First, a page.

By James L. CurtisMark A. Lies, II, Adam R. YoungIlana R. Morady, and Craig B. Simonsen

Seyfarth Synopsis: The U.S. Occupational Safety and Health Administration (OSHA) has issued a standard interpretation cautioning employers on the use of headphones to listen to music on a construction site.

Many employers permit the use of headphones and music in a variety of industrial and construction settings, presumably to improve employee morale and retention. Other employers play music across the workplace with speakers and stereos, such as in a warehouse or operating room. Industry safety sources warn any benefits gained from the use of headphones in the workplace will be overshadowed by safety hazards. Specifically, headphones can present a safety hazard when operating large machinery by impeding the operator’s awareness of surroundings.

There are numerous instances of serious accidents and fatalities where employees were violating rules and wearing headphones, often while operating powered industrial trucks and other vehicles. In the warehousing environment, listening to headphones presents essentially the same risks as distracted driving. The risk is not only to the operators, but also pedestrians who may be in the nearby area. Another risk is that loose headphones can become caught in machinery or pose an electrical hazard.

In Federal OSHA’s recent standard interpretation, OSHA finds that “there is no specific OSHA regulation that prohibits the use of headphones on a construction site.” However, while the use of headphones on a construction site may be permissible at managerial discretion, such use may create or augment other hazards apart from noise. First, OSHA notes that the added decibels from headphones may cause a hazard to employee hearing and may undermine a hearing conservation program. Second, OSHA notes the related risks of distraction and inability to hear equipment, alarms, or warnings. OSHA cautions that “listening to music may produce a safety hazard by masking environmental sounds that need to be heard, especially on active construction sites where attention to moving equipment, heavy machinery, vehicle traffic, and safety warning signals may be compromised.”  OSHA further explains that “struck-by hazards are one of the four leading causes of death in construction.

OSHA has issued citations to employers following industrial accidents where employees have operated equipment (such as forklifts) while wearing headphones and have been unable to hear horns or other audio warnings. OSHA has cited the employers for failure to adequately train forklift operators or for failure to use the horn or other safety devices. Other OSHA regulations require employers to train employees about audio warning devices, for example, fire alarms, and to have the ability evacuate the workplace. Headphones can create a serious impediment to timely evacuation and result in a tragedy.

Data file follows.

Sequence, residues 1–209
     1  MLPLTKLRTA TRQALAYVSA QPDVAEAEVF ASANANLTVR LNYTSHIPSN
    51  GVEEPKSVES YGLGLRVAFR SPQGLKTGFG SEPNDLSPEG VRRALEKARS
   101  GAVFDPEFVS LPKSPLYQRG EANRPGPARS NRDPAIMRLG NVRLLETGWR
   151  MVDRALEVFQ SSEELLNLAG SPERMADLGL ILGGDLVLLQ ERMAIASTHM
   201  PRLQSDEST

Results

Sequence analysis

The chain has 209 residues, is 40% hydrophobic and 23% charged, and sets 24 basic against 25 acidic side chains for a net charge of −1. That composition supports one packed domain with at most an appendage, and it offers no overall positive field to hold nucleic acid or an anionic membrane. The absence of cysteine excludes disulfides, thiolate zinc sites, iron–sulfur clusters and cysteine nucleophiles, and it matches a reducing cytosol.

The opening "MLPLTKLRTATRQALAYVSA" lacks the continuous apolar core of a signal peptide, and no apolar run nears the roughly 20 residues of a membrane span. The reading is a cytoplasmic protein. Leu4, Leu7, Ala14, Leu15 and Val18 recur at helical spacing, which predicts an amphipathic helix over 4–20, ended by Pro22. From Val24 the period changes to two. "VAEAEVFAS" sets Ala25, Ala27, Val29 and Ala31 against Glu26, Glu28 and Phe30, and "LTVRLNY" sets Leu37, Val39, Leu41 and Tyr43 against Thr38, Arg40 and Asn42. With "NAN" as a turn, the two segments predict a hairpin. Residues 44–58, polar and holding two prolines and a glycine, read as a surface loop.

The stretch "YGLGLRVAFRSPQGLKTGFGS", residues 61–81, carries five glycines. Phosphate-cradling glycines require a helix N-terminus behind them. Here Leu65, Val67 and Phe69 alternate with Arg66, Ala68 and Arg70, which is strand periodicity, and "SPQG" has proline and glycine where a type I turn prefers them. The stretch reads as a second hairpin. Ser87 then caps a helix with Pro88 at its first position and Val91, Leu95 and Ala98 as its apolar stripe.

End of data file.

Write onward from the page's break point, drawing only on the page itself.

The recent standard interpretation echoes other warnings about the use of headphones in the workplace. In its “Protecting Yourself from Noise in Construction” booklet, OSHA indicates that “neither portable music player headphones nor hearing aids are substitutes for hearing protective devices.” In its “Agricultural Safety Fact Sheet,” OSHA directs employers to “instruct workers and operators not to use personal mobile phones, headphones or any items that could create a distraction”, and “never wear earbuds or headphones when working near farm vehicles and equipment.”

In addition, employers have a general duty under the Occupational Safety and Health Act to provide work environments free from any recognized hazard likely to cause serious injury or death. The guidance from OSHA is confused — OSHA advises employers to disallow headphone use where it is used in a way to create a recognized hazard. But the employees with the headphones control the volume and content. Accordingly, employers likely have no knowledge of whether employee music choices would create a hazard. OSHA’s ambivalent enforcement position leaves open the possibility that  an accident with a distracted employee using headphones could result in a General Duty Clause citation to the employer. In terms of safety and OSHA compliance, employers would be wise to limit headphone use and train employees not to use headphones or music in a way that creates a distraction or inhibits their ability to hear alarms or equipment.

For more information on this or any related topic please contact the authors, your Seyfarth attorney, or any member of the Seyfarth Workplace Safety and Health (OSHA/MSHA) Team.